Tuesday, January 31, 2012

Coldfront's Top 30 Poetry Books of 2011

The magazine notes: Here are our editorial picks for the Top 30 Poetry Books of 2011. Over the next week, check out our remaining 2011 Best Poetry lists, which include Best First Book, Best Second Book, Best Long Poem, Best Selected/Collected, Best New Book By a Canonical Poet, Best Translation, Best Anthology, Best First Poem in a Collection, Best Final Poem in a Collection, Best Opening Lines, Best Closing Lines, Best Book of Thought/Criticism, Best Book Cover, Best Physical Artifact. Enjoy!

My pick of these books, not knowing them all, would be number 2 Money Shot by Rae Armantrout and number 6, Fall Higher by Dean Young.  There are 30 books here, all USA poets, so what would an Australian list look like? I'll have to look at that - and I'd love to hear your nominations, either through the comments panel here (if y're a fellow blogger) or by email here .

Monday, January 30, 2012

Southerly 71.2 A Handful of Sand

Southerly is delighted to invite you to the launch for its latest issue, 71.2 A Handful of Sand: Words to the frontline. There will be readings, nibbles, and general bonhomie. Please join us!

When: Thursday February 2nd, 5:30 for 6pm
Where: Woolley Common Room, John Woolley Building upstairs, University of Sydney

A Handful of Sand is an extraordinary editorial achievement by two of our finest poets, Ali Cobby Eckermann and Lionel Fogarty. This issue of Southerly brings to its reader a rich and striking cross-section of the poetry, fiction, essays and memoir of Australia’s first nations, from prodigious teenagers to respected Elders, from over twenty language groups, and from every corner of Australia. A perfect introduction for those who have not encountered such writing before, an invaluable resource for those who work with and within it, a rewarding experience for anyone who cares about country and wants to know more of its secrets, or who just wants to broaden their understanding of what writing is and can be, A Handful of Sand changes and animates the field of Australian Literature, remapping the real and imaginary landscapes on which the national fiction was founded.

The Impact of Anthologies - a personal note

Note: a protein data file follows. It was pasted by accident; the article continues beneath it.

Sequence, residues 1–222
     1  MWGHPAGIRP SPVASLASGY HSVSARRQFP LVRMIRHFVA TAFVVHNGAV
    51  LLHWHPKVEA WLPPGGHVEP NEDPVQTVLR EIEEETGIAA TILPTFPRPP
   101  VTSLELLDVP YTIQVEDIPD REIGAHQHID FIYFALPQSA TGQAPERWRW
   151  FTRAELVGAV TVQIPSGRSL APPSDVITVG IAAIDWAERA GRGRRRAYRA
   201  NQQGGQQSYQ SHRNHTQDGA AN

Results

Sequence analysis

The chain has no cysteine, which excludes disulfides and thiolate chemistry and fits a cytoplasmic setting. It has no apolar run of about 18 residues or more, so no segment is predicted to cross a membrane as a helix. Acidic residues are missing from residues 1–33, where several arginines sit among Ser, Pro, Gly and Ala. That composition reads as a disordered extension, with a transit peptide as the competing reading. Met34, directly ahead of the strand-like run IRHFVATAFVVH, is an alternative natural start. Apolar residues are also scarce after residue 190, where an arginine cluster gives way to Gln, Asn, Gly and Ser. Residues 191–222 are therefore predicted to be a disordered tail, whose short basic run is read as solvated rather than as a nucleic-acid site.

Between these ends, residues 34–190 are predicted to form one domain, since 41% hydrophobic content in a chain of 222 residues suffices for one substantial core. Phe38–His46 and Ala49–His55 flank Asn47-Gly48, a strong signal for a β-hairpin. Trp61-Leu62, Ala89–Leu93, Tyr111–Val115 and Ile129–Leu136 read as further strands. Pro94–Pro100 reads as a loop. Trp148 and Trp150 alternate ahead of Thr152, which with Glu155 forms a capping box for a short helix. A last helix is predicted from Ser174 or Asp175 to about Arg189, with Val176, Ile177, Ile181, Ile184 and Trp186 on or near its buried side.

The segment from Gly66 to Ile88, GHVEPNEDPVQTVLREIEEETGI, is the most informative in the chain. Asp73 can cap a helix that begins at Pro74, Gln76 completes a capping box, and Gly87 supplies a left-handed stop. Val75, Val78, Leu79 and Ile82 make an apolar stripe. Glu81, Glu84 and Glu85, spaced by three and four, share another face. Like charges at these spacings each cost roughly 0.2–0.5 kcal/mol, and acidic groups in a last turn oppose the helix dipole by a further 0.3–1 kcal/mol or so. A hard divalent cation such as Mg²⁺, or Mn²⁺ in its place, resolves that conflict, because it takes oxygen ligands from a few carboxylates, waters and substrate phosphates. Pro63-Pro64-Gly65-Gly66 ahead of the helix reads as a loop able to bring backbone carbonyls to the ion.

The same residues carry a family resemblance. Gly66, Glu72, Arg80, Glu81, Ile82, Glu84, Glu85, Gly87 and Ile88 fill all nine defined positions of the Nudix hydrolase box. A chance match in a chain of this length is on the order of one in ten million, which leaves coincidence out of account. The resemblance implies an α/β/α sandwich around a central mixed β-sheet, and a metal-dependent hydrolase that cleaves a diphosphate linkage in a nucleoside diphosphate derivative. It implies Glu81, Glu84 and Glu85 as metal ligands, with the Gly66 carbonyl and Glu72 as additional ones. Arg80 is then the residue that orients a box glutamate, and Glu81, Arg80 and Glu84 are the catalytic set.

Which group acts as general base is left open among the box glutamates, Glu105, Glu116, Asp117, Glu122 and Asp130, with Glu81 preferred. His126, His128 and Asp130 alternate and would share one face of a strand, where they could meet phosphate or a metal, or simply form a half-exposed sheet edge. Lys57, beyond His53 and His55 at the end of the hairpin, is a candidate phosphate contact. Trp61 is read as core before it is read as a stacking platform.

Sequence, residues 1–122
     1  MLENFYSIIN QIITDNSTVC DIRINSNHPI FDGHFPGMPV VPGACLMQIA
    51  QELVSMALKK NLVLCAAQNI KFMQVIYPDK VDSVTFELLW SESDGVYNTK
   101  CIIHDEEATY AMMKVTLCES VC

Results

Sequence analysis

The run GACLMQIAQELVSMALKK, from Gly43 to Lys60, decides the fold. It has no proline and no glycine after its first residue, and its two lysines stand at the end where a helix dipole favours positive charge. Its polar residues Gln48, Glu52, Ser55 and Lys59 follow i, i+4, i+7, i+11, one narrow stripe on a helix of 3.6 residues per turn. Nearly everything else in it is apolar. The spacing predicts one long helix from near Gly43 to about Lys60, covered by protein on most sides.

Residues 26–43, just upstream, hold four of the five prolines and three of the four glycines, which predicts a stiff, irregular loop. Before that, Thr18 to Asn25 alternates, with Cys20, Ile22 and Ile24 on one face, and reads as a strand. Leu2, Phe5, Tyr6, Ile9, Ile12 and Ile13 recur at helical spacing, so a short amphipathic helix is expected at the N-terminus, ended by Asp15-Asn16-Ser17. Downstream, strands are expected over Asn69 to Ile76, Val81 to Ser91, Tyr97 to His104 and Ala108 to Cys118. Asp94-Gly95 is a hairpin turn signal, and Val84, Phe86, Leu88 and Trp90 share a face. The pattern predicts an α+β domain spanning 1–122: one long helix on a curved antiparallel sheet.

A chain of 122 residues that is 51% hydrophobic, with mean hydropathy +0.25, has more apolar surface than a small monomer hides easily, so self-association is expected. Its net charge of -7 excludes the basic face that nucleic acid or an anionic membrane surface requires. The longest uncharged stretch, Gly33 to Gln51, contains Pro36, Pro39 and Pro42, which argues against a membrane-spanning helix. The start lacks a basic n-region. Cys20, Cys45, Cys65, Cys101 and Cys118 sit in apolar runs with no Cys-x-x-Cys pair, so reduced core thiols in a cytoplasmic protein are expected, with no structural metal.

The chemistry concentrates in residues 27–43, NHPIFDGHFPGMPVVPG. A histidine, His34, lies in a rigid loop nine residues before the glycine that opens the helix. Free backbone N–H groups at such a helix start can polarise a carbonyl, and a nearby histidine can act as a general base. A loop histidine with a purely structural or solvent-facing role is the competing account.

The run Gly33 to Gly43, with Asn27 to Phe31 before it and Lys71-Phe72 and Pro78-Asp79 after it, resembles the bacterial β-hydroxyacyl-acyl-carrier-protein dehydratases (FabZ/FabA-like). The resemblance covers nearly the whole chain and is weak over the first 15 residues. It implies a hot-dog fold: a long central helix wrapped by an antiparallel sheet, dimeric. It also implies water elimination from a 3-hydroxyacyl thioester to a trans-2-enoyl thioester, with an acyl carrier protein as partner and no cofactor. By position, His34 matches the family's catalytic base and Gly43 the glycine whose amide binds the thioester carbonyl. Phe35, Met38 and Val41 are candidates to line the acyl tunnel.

Some people behind the scenes influence your life - without you knowing it. Well, at least not for a very long time. The anthology above changed my writing life, which influenced the course of the rest of my life. Donald Allen (pictured) was the editor. Of course, it was the poets who first influenced my young hungry imagination - Olson, Creeley, Duncan, Lew Welch, Ginsberg, Philip Whalen, Frank O'Hara - and the Statements of Poetics at the back has also influenced me increasingly over the decades. Now, having paid attention to a recent controversial Australian poetry anthology, it brings home the power of the editor(s) in these productions once more. There is no such thing as a 'perfect' anthology but the book above sure had a positive effect on the poetics of USA, Canada and Australia/NZ, plus a big effect on forward-thinking poets of UK (mainstream poets remained staid and stuck in their ruts). Sure it left out some poets, and it created 'schools' on flimsy criteria, but its influence for the good, for the more creative, far outweighed any negative forces it created. 

In Australia we've suffered boring or ill-managed anthologies, one after the other, but the one which stands out for me as a lively and an inspiring document is The Penguin Book of Modern Australian Poetry, edited by John Tranter and Phillip Mead, published 1991. The last poet in that anthology is John Kinsella who himself has edited a number of anthologies, the most substantial - and, again, controversial - being The Penguin Book of Australian Poetry published in 2008.